Issue 1, 2018: Data Activism
Digital data increasingly plays a central role in contemporary politics and public life. Citizen voices are increasingly mediated by proprietary social media platforms and are shaped by algorithmic ranking and re-ordering, but data informs how states act, too. This special issue wants to shift the focus of the conversation. Non-governmental organizations, hackers, and activists of all kinds provide a myriad of ‘alternative’ interventions, interpretations, and imaginaries of what data stands for and what can be done with it.
Jonathan Gray starts off this special issue by suggesting how data can be involved in providing horizons of intelligibility and organising social and political life. Helen Kennedy’s contribution advocates for a focus on emotions and everyday lived experiences with data. Lina Dencik puts forward the notion of ‘surveillance realism’ to explore the pervasiveness of contemporary surveillance and the emergence of alternative imaginaries. Stefan Baack investigates how data are used to facilitate civic engagement. Miren Gutiérrez explores how activists can make use of data infrastructures such as databases, servers, and algorithms. Finally, Leah Horgan and Paul Dourish critically engage with the notion of data activism by looking at everyday data work in a local administration. Further, this issue features an interview with Boris Groys by Thijs Lijster, whose work Über das Neue enjoys its 25th anniversary last year. Lastly, three book reviews illuminate key aspects of datafication. Patricia de Vries reviews Metahavens’ Black Transparency; Niels van Doorn writes on Platform Capitalism by Nick Srnicek and Jan Overwijk comments on The Entrepeneurial Self by Ulrich Bröckling.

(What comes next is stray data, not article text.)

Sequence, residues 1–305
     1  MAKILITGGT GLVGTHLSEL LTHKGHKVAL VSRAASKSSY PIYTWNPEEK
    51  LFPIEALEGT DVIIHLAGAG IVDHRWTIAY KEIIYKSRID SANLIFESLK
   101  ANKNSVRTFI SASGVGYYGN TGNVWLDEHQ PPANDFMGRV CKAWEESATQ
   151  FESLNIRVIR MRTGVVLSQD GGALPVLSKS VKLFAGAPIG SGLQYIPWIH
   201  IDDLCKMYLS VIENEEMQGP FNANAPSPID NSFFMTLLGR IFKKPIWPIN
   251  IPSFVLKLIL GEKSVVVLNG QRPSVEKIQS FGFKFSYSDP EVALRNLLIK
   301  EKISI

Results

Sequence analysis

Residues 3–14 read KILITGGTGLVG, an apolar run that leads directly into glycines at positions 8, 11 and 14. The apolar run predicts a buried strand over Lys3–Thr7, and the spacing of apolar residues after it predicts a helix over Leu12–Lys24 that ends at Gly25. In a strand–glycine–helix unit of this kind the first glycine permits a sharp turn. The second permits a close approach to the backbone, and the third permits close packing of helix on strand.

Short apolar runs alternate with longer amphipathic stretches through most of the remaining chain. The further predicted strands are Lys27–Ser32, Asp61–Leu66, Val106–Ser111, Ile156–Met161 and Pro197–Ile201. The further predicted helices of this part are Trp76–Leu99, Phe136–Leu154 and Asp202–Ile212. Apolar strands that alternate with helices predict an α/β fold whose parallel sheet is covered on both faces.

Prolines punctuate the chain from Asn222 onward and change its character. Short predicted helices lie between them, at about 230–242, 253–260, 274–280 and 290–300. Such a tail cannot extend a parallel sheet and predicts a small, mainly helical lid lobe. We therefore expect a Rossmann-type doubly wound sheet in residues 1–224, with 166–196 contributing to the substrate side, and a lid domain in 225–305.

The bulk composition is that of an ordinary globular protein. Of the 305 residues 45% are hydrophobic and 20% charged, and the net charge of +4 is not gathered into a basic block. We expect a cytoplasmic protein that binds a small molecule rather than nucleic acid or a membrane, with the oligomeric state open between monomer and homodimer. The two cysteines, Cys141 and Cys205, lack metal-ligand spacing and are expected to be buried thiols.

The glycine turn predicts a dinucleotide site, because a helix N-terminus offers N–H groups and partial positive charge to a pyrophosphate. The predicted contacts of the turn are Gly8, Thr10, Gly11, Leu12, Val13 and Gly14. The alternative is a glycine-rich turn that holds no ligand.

Stefania Milan is Associate Professor of New Media at the University of Amsterdam and Associate Professor (II) of Media Innovation at the University of Oslo. She is the Principal Investigator of the DATACTIVE project, investigating the politics of big data according to civil society and funded by a Starting Grant of the European Research Council.